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in analogy to what I just did at classical mechanics, I have now added some basic but central content to quantum mechanics:
Quantum mechanical systems
States and observables
Spaces of states
Flows and time evolution
Still incomplete and rough. But I have to quit now.
I like the idea section but I am surprised in generality and poor structure required in the main part (definition etc.). I mean one usually takes the Hilbert space, and C-star algebra. Now having only star algebra, which may be in principle of uncountable infinity of dimensions makes me hard to believe that everything makes sense. GNS construction in uncountable number of dimensions ? I know that some people have ideas of working in different topoi, but this needs various justification and is certainly not helpful for the casual user wanting to see the non-disputed basics.
I think we should start with conventional case, where one has C-star algebra etc. and have special sections or entries for generalizations, which are many and in many direction.
I think it is good not to impose $C^*$-algebra structure in general. Many and most standard systems don’t come with bounded operators, and one has to bend over backwards to make make them such.
It is not easy to remove the C-star algebra. For example, what about he GNS construction I asked above ? Inner product in non-separable case ? How about KMS state and time evolution ? Some topological or categorical restrains are needed to make things contentful: some sort of spectral theory is needed to make sense of observables and measurement. Unbounded operators can be dealt in many ways, for example by looking at the associated multiplier algebra of the C-star algebra. One can also look at $W^*$-algebras. But, alternatively, dispensing with the spectral theory of Banach algebras or alike is really problematic. To talk about quantum mechanics it is not sufficient to have some abstract algebra, one has to make sense of measurement.
There is another thing which I see as a problem with the entry. The claim that one dimensional quantum mechanics is a Riemannian 0+1-dimensional field theory. So let me take an arbitrary example from textbooks of a space in k-dimensions $x_1,\ldots, x_n$ and a time-dependent potential $V(x_1,\ldots,x_n,t)$. Now the formalism of quantization described first has slight problem with time-dependent Hamiltonian (that is fixable by having more general form of the evolution operator) but the problem is that the potential is not something what the category of Riemannian manifolds knows of. It knows of differentiable manifold and a metric on it. So how do you put the arbitrary potential on a specific space into the data of a category ? This is nothing unusual, most exercises in QM courses will have such a specific potential. As long as one has the Hamiltonian depending only on Riemannian structure I have no problem with the approach. But I do not see how to put the Hamiltonians which depend on the data which is not in the category. Say, you have a Coulomb potential in 3 dimensions for a time-independent case. What do you do to the category of Riemannian manifolds to produce a functor whose data are equivalent to the QM of such a Coulomb system in 3-dimensions ?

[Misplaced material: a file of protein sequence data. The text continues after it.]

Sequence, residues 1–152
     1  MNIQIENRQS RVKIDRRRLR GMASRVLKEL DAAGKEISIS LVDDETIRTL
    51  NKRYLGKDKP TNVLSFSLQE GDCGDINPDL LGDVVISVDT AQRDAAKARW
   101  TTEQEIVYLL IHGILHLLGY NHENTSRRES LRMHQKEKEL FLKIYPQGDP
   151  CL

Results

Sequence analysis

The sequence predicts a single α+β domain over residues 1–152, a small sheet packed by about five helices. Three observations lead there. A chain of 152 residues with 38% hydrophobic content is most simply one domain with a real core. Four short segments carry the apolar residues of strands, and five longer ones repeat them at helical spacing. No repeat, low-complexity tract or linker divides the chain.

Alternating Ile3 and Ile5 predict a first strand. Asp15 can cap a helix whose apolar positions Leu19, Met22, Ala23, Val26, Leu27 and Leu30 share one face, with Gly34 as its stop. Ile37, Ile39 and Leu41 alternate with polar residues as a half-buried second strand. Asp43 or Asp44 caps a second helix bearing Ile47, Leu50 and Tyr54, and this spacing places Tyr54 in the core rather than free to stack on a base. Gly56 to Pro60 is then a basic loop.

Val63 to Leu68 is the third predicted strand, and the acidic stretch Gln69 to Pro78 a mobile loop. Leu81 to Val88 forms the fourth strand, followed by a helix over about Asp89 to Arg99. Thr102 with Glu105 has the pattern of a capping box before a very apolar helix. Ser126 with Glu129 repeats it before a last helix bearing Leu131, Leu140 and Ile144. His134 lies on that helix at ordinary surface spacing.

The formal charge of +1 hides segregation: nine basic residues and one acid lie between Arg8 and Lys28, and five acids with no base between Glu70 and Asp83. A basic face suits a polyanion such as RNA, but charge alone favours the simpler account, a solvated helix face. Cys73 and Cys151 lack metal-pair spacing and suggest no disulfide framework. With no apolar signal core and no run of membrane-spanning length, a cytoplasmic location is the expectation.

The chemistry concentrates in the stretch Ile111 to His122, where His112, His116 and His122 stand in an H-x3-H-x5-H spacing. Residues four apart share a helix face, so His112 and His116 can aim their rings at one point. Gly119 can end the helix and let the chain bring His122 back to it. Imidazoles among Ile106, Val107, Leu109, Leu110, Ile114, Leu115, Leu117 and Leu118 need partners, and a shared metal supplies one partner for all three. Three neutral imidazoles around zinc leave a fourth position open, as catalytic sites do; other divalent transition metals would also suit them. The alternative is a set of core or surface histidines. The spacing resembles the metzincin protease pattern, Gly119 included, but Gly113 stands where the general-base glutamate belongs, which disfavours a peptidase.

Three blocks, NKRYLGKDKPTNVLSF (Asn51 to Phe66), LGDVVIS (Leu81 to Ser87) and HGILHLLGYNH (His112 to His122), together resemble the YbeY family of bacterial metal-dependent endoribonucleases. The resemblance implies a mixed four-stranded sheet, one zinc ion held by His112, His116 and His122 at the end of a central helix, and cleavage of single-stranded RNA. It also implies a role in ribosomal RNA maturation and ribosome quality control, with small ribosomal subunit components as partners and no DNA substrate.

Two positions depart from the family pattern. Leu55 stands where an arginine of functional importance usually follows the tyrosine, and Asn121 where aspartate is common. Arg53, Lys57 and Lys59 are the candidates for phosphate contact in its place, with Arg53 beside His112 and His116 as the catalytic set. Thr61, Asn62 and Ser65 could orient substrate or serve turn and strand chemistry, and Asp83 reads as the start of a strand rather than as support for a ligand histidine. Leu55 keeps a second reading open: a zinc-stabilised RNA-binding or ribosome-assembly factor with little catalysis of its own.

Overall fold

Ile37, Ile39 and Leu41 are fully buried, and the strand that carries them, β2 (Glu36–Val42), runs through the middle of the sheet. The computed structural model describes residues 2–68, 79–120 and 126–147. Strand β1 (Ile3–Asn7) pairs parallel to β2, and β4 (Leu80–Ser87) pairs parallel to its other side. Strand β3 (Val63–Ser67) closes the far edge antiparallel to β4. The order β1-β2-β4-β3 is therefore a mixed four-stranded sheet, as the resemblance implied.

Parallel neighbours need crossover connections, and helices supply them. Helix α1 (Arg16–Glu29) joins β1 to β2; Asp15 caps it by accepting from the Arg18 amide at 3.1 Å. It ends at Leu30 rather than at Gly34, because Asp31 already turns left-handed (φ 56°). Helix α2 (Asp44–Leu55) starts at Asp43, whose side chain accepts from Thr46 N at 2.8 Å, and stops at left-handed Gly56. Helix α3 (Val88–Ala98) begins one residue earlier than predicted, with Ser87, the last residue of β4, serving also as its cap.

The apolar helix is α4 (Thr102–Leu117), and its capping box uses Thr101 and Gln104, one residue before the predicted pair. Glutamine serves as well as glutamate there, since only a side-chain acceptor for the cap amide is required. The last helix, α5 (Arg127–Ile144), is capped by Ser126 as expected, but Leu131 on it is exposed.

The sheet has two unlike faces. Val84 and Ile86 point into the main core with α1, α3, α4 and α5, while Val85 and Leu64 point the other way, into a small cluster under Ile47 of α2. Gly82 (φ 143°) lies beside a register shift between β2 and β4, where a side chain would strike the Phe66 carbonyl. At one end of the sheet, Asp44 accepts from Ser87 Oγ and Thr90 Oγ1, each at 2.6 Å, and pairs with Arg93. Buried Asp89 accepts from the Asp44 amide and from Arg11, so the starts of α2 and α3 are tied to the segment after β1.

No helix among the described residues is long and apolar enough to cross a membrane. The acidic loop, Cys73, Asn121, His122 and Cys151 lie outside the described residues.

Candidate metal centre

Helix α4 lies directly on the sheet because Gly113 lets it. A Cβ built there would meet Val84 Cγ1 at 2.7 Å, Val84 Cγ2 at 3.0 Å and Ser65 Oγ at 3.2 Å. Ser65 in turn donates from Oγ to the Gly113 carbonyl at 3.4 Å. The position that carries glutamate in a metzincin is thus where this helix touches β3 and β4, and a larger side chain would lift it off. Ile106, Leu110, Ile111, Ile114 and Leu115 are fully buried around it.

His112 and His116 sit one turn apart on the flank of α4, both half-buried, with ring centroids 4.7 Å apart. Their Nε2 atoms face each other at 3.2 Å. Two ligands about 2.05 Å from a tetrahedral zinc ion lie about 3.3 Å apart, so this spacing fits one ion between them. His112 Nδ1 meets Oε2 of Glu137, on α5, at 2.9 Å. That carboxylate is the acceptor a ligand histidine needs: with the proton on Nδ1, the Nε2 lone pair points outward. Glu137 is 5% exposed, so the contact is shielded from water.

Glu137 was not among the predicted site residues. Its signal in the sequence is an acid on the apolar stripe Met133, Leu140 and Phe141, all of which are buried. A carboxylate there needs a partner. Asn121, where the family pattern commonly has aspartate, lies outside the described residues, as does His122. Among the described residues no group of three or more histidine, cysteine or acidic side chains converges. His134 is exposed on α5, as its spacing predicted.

Edit: it makes me very suspicious that it is possible to say, on the basis of what happens in one particular space with potential, what should functor do on all possible manifolds. Of course, one could consider ALL spaces with all potentials and put them somehow into the category, but this is cheating, as it does not distinguish different quantum mechanical systems (i.e.different potentials) as phrased in the usual way. I would say that a quantum field theory in 0+1-dimension is a general prescription on how to use the type of geometric data as an input for evolution operators (with worse case in the case of time-dependent potentials). This way diverging theories which do not make sense from the usual perspective and the converging theories which do are parts of the data of the same “field theory”. Of course if no potential than there are field theories whose all instances (that is for all input spaces) are equally OK from the usual formalism.